Cunningham, who resigned from Congress in disgrace last year, was spared the 10-year maximum by U.S. District Judge Larry Burns but was immediately taken into custody. He also was ordered to pay $1.8 million in restitution for back taxes and forfeit $1.85 million in valuables he received.
Cunningham accepted money and gifts including a Rolls-Royce and $40,000 Persian rugs from defense contractors and others in exchange for steering government contracts their way and other favors.
Federal prosecutors sought the maximum and his attorneys asked for mercy, but Cunningham, choking up as he addressed the judge, focused on accepting blame. "Your honor I have ripped my life to shreds due to my actions, my actions that I did to myself," he said.
"I made a very wrong turn. I rationalized decisions I knew were wrong. I did that, sir," Cunningham said.
Much thinner than when he pleaded guilty in November — he said he has gone from 265 pounds to 175 pounds since June — Cunningham had asked to see his 91-year-old mother one last time before going to prison, but was denied.
CBS Radio News reports that Cunningham's attorney argued the former congressman should be spared the maximum ten-year sentence because he is older and in poor health. His attorney says Cunningham has prostate cancer and could die behind bars.
The judge, while crediting Cunningham for his military service and for taking responsibility, questioned why he felt compelled to betray his constituents and his colleagues for luxuries.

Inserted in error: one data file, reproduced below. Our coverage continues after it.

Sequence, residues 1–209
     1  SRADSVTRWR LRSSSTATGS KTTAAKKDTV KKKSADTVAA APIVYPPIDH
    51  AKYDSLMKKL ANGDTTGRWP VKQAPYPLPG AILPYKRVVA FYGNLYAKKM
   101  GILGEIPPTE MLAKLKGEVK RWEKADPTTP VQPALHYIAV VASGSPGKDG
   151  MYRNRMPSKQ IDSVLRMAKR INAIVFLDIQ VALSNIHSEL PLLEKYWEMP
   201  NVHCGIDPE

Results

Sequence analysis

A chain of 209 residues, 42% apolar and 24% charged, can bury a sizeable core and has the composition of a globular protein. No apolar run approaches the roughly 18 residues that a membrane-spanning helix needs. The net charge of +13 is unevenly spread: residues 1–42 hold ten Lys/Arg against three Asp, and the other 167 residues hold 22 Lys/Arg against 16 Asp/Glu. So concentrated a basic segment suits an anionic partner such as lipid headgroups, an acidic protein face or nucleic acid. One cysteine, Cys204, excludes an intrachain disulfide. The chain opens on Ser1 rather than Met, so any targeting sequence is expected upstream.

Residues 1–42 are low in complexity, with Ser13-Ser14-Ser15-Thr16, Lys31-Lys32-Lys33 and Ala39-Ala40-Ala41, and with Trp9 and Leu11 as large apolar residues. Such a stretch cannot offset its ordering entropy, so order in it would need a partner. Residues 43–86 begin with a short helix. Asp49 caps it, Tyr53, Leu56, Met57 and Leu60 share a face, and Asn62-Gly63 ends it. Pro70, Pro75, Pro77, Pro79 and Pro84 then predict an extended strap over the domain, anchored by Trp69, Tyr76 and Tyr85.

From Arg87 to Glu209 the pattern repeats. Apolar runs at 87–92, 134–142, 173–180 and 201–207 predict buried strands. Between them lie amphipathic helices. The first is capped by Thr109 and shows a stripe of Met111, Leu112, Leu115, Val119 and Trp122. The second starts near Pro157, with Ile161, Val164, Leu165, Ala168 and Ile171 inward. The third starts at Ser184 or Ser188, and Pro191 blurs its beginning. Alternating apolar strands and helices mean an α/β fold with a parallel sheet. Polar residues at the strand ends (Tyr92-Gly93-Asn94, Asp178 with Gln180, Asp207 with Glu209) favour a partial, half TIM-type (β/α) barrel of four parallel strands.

"You weren't wet. You weren't cold. You weren't hungry and yet you did these things," Burns said. "I think what you've done is you've undermined the opportunity that honest politicians have to do a good job."
The staggering details of Cunningham's wrongdoing surpass anything in the history of Congress, Senate and House historians have said. "In the sheer dollar amount, he is the most corrupt," said Deputy House Historian Fred W. Beuttler.
The longest term meted out to congressmen in the past four decades had been eight years, handed to former Rep. James Traficant, D-Ohio, in 2002 for taking payoffs, and to former Rep. Mario Biaggi, D-N.Y., in 1988 for extorting nearly $2 million from a defense contractor.
Prosecutor Phil Halpern told the judge that while Cunningham was living the good life "he was squandering precious tax dollars for, among other things, systems the military didn't ask for, didn't need and frequently didn't use."